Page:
Commercials are usually just 30 seconds. But in all, Americans are exposed to up to 16 hours of prescription drug ads on TV every year and now, a new study says that may be educating consumers in an unhealthy way.
The study in the Annals of Family Medicine says nearly all televised pharmaceutical ads are based on emotional appeal instead of medical facts. So, as a result, consumers are asking their doctors to prescribe products which may be inappropriate for them.
"What we would really like to see is that the ads stay away from trying to manipulate consumer emotions in promoting prescription drugs. Medical decisions really should be based on sound factual information. Our message to consumers is that they really should be more skeptical of these advertisements," said Dr. Dominick Frosch, of the UCLA School of Medicine.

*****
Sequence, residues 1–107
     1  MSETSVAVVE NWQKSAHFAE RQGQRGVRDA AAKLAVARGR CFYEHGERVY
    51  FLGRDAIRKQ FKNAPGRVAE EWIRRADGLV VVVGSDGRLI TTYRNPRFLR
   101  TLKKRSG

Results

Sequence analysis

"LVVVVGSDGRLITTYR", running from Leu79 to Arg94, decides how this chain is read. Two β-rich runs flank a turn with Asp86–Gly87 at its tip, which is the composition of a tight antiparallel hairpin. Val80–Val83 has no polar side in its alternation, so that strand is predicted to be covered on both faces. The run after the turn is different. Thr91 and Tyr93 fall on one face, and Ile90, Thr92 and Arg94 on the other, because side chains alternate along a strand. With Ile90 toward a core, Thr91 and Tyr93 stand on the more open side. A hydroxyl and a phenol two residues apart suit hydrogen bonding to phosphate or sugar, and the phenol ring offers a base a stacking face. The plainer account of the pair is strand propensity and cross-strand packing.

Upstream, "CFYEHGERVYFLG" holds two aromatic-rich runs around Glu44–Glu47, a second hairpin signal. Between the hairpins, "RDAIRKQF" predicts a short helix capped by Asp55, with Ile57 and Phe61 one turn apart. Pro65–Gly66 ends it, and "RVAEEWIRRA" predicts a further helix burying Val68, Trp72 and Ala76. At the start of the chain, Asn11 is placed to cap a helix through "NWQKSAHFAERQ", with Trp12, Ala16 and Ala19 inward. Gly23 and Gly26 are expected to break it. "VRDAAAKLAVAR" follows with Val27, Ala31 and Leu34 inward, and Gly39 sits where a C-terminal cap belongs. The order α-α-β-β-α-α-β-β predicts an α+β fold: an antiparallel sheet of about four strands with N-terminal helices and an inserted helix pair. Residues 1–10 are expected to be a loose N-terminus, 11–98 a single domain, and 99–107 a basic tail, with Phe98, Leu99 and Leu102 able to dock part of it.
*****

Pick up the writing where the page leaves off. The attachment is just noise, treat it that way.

More than 80 percent of the ads analyzed for the study made some factual claim, but only fourth of the commercials described risk factors that would indicate you might need that drug. The pharmaceutical research and manufacturers of America which represents drug companies argues that the study doesn't reflect new ads that explain more.
At any rate the message is good. Don't believe everything you hear especially when it comes from a TV commercial. By the way, Congress is scheduled to take up the issue of drug advertising early in this session.